Sunday, June 28, 2015

The Difficulties of Going Away

One of the difficulties I experienced as my husband’s caregiver was trying to transport my husband to places outside of our home. On May 17, 2009 I wrote the following: 

Yesterday at my husband’s suggestion we went out to eat. He so seldom wants to go anywhere let alone suggest it, so I readily agreed. It was very windy, however, and so we took the wheelchair. By the time I had wrestled the wheelchair in and out of the trunk of the car, gone through the buffet line for my husband and then for myself, and then basically carried on a conversation with myself during lunch; I began to wonder if it was worth it.” 

Sometimes my husband, Wayne, and I were invited to eat with some of my husband’s family. That was enjoyable, as it gave my husband and me a chance to get out of the house. Yet going out to eat with my husband’s siblings presented me again with the same struggles of helping my husband in and out of the car and into the restaurant.  When I saw other couples both in good health I was happy for them. It did make me long for those days when that was true for us also, however.  I longed for a “normal” life.  

Most Thursday nights we would go to our local son’s family’s home for supper and the evening. My son was always so helpful in getting my husband in and out of the car and into their house. First we did this with a walker. Later we had to use a portable ramp and the wheel chair. My son was always helpful when he was with us, but so often I struggled alone when we left home to go places.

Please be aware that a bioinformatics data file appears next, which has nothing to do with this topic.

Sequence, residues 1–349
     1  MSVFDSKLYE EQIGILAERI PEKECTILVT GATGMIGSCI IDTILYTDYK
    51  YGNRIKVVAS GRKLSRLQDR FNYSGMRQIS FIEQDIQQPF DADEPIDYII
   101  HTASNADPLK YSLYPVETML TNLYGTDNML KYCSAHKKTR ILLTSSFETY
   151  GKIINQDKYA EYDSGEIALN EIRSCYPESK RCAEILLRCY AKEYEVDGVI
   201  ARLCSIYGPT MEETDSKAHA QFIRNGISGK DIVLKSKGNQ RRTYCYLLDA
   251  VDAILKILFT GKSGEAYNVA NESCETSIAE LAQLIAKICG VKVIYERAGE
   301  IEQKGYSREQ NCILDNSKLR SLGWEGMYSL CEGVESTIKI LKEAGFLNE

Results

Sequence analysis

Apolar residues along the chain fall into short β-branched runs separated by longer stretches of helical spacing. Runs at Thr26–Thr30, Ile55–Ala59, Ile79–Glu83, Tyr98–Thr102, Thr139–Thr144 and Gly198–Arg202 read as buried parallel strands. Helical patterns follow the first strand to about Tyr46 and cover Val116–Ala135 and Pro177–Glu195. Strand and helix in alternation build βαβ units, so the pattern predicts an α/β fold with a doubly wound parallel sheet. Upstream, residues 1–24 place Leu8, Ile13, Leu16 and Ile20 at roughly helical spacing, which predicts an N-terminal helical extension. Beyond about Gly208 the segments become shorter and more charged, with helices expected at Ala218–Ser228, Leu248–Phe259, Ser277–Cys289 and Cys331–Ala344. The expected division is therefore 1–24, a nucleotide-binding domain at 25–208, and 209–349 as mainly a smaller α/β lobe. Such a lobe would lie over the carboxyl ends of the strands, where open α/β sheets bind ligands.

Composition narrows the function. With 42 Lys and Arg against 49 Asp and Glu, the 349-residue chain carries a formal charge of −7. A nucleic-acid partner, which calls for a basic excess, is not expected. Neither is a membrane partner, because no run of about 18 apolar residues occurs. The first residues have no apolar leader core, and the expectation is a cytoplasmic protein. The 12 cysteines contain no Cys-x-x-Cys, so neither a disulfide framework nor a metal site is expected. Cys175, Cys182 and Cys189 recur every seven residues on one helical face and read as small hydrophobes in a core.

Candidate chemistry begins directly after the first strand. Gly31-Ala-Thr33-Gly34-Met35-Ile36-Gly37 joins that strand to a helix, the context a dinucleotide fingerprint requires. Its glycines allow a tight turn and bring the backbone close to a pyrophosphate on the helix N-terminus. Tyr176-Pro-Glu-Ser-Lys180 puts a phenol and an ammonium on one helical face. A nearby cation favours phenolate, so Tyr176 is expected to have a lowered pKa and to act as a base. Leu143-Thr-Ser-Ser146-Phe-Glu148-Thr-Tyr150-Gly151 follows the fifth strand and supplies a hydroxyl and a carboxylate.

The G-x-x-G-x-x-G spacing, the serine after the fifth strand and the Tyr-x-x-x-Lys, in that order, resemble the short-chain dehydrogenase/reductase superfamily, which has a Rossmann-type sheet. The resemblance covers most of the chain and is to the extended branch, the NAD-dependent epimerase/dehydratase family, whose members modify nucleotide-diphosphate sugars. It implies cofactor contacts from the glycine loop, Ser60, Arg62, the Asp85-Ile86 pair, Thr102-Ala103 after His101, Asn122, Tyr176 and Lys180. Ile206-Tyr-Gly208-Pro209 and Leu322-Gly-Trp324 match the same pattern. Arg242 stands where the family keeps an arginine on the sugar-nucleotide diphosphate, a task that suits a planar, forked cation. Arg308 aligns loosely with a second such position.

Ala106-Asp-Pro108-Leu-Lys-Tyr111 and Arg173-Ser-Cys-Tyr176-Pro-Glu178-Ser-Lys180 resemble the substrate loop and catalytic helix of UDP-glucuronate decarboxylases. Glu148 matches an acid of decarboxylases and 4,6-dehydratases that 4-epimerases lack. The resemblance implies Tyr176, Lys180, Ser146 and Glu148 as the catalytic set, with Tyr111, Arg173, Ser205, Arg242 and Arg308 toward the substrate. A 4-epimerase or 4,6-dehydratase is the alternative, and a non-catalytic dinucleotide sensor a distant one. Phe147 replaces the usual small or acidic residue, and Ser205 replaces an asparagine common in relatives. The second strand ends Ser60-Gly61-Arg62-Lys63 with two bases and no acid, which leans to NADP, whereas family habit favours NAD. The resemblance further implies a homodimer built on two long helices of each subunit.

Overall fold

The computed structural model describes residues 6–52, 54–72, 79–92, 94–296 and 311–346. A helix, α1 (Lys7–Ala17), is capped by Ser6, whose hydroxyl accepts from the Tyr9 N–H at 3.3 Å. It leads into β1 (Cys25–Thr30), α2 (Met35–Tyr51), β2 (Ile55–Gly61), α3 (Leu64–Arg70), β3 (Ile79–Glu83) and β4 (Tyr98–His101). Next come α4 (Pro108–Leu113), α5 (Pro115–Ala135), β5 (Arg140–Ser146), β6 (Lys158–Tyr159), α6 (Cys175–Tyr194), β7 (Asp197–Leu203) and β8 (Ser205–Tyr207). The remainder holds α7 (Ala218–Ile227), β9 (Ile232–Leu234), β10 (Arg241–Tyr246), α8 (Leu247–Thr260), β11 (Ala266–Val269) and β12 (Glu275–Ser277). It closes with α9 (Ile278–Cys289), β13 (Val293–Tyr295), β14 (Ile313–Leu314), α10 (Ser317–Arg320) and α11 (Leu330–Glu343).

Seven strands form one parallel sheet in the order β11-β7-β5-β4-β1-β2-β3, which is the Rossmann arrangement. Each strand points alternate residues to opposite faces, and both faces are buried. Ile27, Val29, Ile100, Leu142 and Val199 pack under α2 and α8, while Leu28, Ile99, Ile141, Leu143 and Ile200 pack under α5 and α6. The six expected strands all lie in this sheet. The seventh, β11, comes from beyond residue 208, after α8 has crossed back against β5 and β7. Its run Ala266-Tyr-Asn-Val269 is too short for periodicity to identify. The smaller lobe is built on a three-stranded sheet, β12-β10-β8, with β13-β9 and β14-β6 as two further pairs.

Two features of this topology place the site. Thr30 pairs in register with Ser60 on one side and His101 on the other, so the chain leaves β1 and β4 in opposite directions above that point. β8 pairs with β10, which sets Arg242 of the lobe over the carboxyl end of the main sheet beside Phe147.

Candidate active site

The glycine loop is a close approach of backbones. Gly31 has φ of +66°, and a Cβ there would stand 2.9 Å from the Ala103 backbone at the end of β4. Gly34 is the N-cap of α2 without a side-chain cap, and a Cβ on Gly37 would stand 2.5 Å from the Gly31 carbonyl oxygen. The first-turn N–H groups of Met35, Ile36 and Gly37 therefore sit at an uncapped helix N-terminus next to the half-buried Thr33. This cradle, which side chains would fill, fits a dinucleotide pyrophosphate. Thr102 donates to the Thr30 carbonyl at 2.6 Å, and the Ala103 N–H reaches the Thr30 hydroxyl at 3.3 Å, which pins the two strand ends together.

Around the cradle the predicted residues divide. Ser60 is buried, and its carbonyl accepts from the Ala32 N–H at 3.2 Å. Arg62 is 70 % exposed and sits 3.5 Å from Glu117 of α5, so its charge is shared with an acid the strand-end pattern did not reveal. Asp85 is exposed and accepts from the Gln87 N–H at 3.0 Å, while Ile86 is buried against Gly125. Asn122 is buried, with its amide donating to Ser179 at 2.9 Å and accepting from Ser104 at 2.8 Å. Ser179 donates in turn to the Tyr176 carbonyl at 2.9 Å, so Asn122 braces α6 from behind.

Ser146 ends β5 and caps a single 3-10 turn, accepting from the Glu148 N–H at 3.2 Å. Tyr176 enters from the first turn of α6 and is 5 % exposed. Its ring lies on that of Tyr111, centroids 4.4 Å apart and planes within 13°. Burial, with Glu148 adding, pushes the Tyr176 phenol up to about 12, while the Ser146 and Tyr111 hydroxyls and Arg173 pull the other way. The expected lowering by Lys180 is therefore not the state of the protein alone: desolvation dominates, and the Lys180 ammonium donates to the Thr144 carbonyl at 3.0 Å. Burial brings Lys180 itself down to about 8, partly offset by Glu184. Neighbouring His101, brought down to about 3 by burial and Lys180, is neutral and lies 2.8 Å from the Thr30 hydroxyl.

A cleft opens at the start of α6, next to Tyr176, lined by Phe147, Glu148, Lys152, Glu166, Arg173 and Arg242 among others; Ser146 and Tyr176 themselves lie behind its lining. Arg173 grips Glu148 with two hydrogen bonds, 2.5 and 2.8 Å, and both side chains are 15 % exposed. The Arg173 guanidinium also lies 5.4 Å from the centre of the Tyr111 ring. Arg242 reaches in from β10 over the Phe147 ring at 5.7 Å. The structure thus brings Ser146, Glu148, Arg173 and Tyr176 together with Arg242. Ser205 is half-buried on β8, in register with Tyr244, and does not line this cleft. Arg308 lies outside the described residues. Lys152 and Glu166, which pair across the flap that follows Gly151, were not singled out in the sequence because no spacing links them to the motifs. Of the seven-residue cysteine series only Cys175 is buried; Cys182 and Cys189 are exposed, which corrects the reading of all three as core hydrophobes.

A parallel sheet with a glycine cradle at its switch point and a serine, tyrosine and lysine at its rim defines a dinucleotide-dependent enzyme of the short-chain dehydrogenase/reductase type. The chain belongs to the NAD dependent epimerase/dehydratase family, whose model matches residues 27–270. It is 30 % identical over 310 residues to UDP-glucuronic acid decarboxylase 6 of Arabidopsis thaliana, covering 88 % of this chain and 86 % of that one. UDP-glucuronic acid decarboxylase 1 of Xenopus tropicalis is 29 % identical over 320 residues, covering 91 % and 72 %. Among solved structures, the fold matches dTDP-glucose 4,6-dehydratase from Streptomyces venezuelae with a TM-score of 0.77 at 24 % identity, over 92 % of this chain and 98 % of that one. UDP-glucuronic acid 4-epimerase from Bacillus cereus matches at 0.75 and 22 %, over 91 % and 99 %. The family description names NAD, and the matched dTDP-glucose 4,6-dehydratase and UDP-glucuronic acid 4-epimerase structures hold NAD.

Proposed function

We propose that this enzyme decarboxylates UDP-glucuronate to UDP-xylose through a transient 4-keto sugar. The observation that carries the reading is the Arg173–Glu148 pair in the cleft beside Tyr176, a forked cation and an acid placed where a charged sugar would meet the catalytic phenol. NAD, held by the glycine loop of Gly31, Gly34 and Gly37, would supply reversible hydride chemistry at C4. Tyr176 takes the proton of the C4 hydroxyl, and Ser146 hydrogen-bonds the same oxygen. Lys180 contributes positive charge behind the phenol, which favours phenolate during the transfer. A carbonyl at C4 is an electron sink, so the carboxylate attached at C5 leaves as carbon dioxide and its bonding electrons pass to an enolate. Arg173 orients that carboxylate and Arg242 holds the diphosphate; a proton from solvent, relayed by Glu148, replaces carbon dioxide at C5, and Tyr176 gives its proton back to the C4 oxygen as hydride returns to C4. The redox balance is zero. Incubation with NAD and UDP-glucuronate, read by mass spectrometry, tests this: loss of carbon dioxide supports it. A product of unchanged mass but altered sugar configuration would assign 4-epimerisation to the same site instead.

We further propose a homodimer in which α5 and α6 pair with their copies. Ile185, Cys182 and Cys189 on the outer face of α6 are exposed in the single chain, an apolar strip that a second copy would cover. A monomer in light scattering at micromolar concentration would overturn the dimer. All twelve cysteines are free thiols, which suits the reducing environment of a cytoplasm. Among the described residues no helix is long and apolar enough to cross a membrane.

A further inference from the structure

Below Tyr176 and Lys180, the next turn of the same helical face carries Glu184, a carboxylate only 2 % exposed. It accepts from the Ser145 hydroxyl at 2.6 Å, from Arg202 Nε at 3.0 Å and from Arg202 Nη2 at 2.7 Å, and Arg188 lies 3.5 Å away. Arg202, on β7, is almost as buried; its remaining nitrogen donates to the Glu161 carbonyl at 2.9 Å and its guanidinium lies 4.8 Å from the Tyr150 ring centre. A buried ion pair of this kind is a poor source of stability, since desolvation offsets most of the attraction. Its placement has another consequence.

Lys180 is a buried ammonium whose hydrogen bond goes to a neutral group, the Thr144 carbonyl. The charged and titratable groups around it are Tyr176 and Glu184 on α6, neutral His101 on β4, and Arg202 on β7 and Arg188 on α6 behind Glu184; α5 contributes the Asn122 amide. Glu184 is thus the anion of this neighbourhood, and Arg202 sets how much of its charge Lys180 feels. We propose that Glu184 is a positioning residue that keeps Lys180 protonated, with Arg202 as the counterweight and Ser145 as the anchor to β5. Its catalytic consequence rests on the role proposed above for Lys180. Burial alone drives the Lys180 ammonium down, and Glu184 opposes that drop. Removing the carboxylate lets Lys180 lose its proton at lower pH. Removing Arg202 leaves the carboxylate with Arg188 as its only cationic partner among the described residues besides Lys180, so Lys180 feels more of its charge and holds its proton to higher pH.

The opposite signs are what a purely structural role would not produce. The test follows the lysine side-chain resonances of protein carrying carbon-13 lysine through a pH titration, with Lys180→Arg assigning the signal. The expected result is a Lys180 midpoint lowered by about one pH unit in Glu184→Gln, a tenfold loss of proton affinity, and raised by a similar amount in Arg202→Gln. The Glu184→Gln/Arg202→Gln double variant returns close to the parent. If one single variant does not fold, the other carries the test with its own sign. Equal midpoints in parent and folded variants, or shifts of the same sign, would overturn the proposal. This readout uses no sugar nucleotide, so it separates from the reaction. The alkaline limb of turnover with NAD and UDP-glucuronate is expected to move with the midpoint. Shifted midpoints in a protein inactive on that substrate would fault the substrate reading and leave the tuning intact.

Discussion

I always knew that there was a divine purpose for all that was happening in my husband’s and my lives. I knew all things would work for my ultimate good as a child of God. I knew I still had overflowing blessings in my life, but that did not stop the sadness in my heart at seeing my husband’s body deteriorate. It also did not stop the struggles of providing for my husband’s needs.  

I certainly did not choose the care-giving role that God had assigned to me those years during my husband’s illness, but I do know that God was with me each step of the way. As difficult as it was, I would do it again. I had to cling very closely to the Lord during those days, as I still need to do now. The Lord God had to give me the grace and strength for this role. He was with me in my unique struggles. He guided me, loved me, and forgave my many moments of impatience.  Dear Christian caregiver, the Lord God is with you also. He knows your unique struggles and heartaches. Lean into His strength. Trust His love for you.

(I will be away from my computer for a few days, so my next post will not be until July 12 or 13. Use this time to read some of the older posts. You can also use this time to order my book Dear Caregiver subtitled Reflections for Family Caregivers which is available at Xulon, Amazon, and Barnes and Noble. Links to the order page for my book at Amazon and Xulon are on right hand side of this page.)

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